(Heena Sidhu is the first Indian pistol shooter to be ranked world No.1, a world record holder in the 10m air pistol and the first from India to win a World Cup gold)

It was just two days. People were elated on Saturday at Mirabai Chanu’s fantastic performance and at Saurabh Chaudhary ranking first in the qualification round of the 10m air pistol. Neither of these things--a medal on the first day and winning the qualification round--had ever happened in India’s Olympic history, so we had started well. One day later, I saw a lot of anger directed at our athletes and the allegation that they always buckle under pressure.

On one side, I am privileged to be part of the sport from which people expect so much that even a small lapse is not ignored. But at the same time, I also know that because the sport is so technical not everyone is aware of what is happening. You see shooters standing and you think all they are doing is inserting a pellet and firing. You don’t see the storm in their heads and how they are manoeuvring through it. That is where the real action is happening. What you know is the shooter’s past performance and you are thinking he/she will, in keeping with the law of averages, emulate that on the given day. That’s now how it happens.

How many actually know that this was the first time that Saurabh faced the full might of all of the best shooters in the world? The country was expecting Saurabh to do well because he had won World Cup medals but let’s put this out there -- he was facing every other top player in the world for the very first time. In the Asian Games, he did beat South Korea's Jin Jong-Oh, who is a four-time Olympic gold medallist, but the rest of the world wasn’t there. Like it wasn’t in most of the World Cups during these years. The Chinese never came, for example, no one saw Pang Wei (who won bronze in the 10m air pistol in Tokyo) after Rio. Jin Jong-oh never did World Cups. All we knew was that 584-589 is the range Saurabh has been in and we can expect that. And he delivered. (Read full coverage of Tokyo Olympics 2020)

RELATED STORIES

ALSO READ | Tokyo Olympics Live Updates Day 3

And to all those who think only Indian shooters can’t handle pressure, here’s some information: where was South Korea in pistol shooting at the Olympics? Jin Jong-oh didn’t qualify for the finals and he is like the Usain Bolt of shooting. Saurabh did. Another Indian shooter was dealt the worst of the cards by fate, dealt with the trauma of a broken pistol, lost 17-18 minutes, and ended up shooting 44 shots in mere 36 minutes. That’s like an asking rate of 10 runs per over for at least 30 overs of your chase in a game of 50-over cricket (as she faced a broken pistol on her 15th shot out of a 60-shot match). Still, she got close. So close that if she had an inner 10 as her last shot, she would have been in the finals and India would have praised her saying she has nerves of steel!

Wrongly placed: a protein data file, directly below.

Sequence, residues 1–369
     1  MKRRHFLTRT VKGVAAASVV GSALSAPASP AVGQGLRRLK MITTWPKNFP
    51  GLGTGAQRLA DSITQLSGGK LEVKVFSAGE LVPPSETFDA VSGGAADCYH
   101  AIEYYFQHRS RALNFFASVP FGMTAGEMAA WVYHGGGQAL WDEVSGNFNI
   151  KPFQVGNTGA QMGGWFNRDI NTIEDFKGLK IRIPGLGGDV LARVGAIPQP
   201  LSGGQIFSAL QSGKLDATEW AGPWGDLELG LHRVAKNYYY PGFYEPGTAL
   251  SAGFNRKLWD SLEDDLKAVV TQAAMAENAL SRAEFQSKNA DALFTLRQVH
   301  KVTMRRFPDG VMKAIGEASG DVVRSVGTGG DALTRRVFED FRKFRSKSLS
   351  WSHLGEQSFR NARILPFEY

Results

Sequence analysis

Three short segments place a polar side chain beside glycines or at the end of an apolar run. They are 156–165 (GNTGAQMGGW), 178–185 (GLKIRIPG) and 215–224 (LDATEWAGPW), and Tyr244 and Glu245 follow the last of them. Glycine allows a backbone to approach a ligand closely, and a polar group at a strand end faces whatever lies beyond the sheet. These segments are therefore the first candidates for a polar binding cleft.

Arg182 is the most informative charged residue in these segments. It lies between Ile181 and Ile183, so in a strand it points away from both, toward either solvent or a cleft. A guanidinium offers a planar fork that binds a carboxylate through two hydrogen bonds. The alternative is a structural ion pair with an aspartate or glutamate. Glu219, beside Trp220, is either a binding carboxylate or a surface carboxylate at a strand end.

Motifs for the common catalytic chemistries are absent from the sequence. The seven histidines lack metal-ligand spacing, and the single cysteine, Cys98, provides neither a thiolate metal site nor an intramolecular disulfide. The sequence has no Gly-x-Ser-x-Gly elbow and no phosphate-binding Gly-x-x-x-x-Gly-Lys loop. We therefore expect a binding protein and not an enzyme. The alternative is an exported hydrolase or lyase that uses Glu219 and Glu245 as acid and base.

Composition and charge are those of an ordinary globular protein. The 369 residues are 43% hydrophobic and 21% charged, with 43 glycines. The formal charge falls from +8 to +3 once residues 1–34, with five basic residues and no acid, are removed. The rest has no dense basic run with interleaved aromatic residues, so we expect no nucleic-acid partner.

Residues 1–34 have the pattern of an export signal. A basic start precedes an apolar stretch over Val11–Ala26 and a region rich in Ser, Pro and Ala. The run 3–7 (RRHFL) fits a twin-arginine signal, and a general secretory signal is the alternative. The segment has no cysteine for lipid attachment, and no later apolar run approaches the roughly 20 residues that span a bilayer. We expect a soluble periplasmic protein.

I think what Manu Bhaker did was amazing, not because of some number on the score sheet but because of her effort.

On to Saurabh. His grouping (the area where shots hit) was low in the final, meaning his gun was not zeroed properly during the sighters. It had nothing to do with the quality of his shooting but how zeroing of the gun works. A good grouping can choose a very wrong spot on the target. He could not make up for the initial loss of points because everybody else was shooting at the top of the game and he never got that window to cover up. It happens. He lost to good players and not to bad performance. An athlete can live with that, and so should we.

Looking forward, I hope the debutants emerge stronger from this experience. This is also the first time some of them are facing criticism. They have the talent and a much better start than we had in our day. Till now, their hard work and talent has paid off. But they need to work harder and smarter now. Among the things they can look at is mental toughness and training. Trainings should feel like matches and matches should feel like training. Simulation trainings and what-if scenarios need to find place in their trainings, because Olympics is all about adapting to worse possible situations.

I am still hopeful about the mixed events and the other events coming up. These players have felt the full might of the pressure already and will be ready. Yes, it will be tough because we don’t know what the Chinese, Koreans and Russian will do but if they can perform to their potential, we should get a medal, or medals. But whatever happens, remember to judge the performance and not the numbers.

(Heena Sidhu is the first Indian pistol shooter to be ranked world No.1, a world record holder in the 10m air pistol and the first from India to win a World Cup gold)